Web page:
Firenze: Un Vero Piacere!

London F50

Each year the History of Art A2 students make a trip to Florence to study sculpture, painting and architecture in situ. This year, for the first time, we were joined by a small group of English literature students, and their Head of Department, Richard Martin, who were looking to become more aware of Florence’s literary heritage as well as enjoy the cultural delights of the city.

Consequently, it was a large group of 21 students and four staff who met at Gatwick for our long anticipated trip to a city that still holds an extraordinary fascination in this age of snapgram and instabook! It is an incredible place for students to enhance their art knowledge and language skills and never ceases to provide new and exciting things to see.

This year we had a day longer than usual but it was a still a rush to see everything that we wanted to. Unfortunately, for what seemed like the first time ever the weather was unkind to us but everyone was determined not to let this affect what is the highlight of the year for the Art history students. This is for many reasons not the least of which is that there is no substitute for seeing a work of art in situ not only in terms of understanding but also in terms of remembering it for exams!

After our flight from Gatwick to Pisa we took a minicab to Florence  bound for the Hotel Perseo, our regular destination, just by the Dome. In Florence food is at the heart of everything so after a long day of travel we took the students out to dinner at our new favourite restaurant ‘Za Za’,near Brunelleschi’s’ San Lorenzo, where many students were introduced to the delights of truffle oil on everything !

Wednesday was our first full day and an early start, in glorious sunshine, with our reservation at the Bargello at 0815 to see its wonderful collection of early renaissance sculptures such as Donatello’s David. After a second breakfast it was time to explore the Accademia and Michelangelo’s David -  always a highlight.

After lunch we continued the early renaissance sculpture theme with a visit to the Museo del Opera del Duomo with its magnificent collection of Ghiberti doors for the Baptistry as well as some truly sensational sculptures by Donatello such as his Repentant Magdalene.

Thursday saw another early start at Michelangelo’s magnificent Medici Chapel in San Lorenzo followed by Brunelleschis’s earlier Medici burial chapel, the Old Sacristy, on the opposite transept with the beautiful tomb of Piero de Medici by Verrocchio. In the space of a single church students were able to see the beginning and end of the Renaissance style and its exploration  of the antique through the Christianisation of pagan imagery.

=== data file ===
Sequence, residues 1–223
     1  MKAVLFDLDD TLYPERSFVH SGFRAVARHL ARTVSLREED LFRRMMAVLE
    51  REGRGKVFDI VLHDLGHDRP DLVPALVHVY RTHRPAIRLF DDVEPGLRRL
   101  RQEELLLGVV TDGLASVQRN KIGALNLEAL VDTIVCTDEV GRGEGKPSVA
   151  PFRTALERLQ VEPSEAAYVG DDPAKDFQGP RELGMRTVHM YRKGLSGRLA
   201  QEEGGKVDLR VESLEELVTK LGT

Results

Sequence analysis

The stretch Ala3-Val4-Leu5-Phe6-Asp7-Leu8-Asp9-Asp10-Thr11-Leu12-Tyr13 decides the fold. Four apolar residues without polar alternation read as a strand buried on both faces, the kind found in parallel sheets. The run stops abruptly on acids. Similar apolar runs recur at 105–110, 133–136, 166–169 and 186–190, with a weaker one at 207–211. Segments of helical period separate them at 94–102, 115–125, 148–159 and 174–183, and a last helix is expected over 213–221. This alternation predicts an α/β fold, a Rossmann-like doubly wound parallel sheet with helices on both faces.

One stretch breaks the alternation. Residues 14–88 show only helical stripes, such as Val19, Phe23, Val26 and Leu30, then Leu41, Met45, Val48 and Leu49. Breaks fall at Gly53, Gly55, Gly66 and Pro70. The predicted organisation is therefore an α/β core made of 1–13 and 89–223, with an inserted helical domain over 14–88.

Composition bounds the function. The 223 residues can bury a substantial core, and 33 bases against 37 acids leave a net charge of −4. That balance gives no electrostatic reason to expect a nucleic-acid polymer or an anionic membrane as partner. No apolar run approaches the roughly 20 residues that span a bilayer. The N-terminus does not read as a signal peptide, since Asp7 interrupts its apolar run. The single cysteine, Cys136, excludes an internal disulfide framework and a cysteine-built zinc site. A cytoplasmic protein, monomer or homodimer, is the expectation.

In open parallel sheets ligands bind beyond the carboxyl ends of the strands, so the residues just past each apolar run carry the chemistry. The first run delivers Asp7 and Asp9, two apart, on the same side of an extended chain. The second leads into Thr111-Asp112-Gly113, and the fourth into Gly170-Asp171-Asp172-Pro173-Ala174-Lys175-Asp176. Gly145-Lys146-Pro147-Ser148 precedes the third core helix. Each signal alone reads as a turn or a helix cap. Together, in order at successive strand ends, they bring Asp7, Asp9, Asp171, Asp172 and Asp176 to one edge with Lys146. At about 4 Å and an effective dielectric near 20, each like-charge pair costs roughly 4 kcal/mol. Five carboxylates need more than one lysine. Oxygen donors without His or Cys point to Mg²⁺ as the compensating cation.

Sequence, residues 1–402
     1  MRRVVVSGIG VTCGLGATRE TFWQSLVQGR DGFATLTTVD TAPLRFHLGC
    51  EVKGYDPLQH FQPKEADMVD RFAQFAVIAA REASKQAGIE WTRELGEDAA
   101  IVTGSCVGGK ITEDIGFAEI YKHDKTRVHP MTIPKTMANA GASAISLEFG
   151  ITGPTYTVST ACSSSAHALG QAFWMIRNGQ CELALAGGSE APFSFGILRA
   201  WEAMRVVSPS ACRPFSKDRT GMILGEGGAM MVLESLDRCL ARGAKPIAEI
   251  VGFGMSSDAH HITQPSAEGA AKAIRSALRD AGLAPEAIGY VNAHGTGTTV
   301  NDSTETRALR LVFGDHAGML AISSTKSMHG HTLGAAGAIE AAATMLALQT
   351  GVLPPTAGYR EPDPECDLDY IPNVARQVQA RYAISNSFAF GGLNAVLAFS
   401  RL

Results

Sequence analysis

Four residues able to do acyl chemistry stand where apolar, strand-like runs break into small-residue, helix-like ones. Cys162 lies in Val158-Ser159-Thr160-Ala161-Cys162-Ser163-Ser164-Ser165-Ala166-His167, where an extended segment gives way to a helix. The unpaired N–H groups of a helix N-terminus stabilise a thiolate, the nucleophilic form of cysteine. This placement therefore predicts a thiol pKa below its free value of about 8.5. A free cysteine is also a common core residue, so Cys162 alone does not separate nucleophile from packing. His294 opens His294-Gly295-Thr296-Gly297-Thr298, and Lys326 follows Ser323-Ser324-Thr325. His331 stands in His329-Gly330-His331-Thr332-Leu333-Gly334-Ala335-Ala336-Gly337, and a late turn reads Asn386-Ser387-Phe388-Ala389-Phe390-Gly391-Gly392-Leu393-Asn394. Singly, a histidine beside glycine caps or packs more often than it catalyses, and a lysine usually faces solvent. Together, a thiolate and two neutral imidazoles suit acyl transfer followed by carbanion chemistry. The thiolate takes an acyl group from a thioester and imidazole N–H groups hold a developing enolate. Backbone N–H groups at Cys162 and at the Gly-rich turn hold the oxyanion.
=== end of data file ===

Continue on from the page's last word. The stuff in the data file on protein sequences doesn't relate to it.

It was still only 11 o’clock in the morning when we arrived at San Marco to explore Michelozzo’s magnificent architecture and Fra Angelico’s deeply pious and didactic frescoes that adorn each of the monk’s cells.

After eating lunch outside Santa Maria Novella from where we could admire the beauty of its façade we explored the interior with its magnificent, if over restored, Trinity by Masaccio. After a brief visit to the ancient SMN Pharmacia to stock up on presents for loved ones it was back to the hotel for a well-earned rest.

Friday was another early start and a big day exploring renaissance and mannerist paintings at the Uffizi where there were many treats in store in particular the famous Primavera and Birth of Venus by Botticelli, as well as works by Leonardo, Michelangelo, Piero della Francesca and Filippo Lippi. A particular highlight here was Leonardo’s Annunciation which the students particularly admired although it could have been because there were plentiful seats nearby! The rest of the day was spent looking at sculptures in the Piazza della Signoria.

Saturday was our final day and after a very pleasant walk to the Brancacci Chapel we were able to  to be close up to Masaccio’s masterpiece The Tribute Money where his style and technique could be fully appreciated at close distance. The rest of the day was spent exploring Santa Croce and the Pazzi Chapel where again I was reminded of Lord Clark’s famous comment ‘that I do not know what civilisation is but I know when I am looking at it and I am looking at it now!’ On Sunday morning an happy but exhausted group of students arrived back in London with new memories and new friends made and hopefully a  lifelong love for this extraordinary city. Thanks again to Nora and Petrouchka for their help and company and to Richard Martin  - Un Vero Piacere!

John Cameron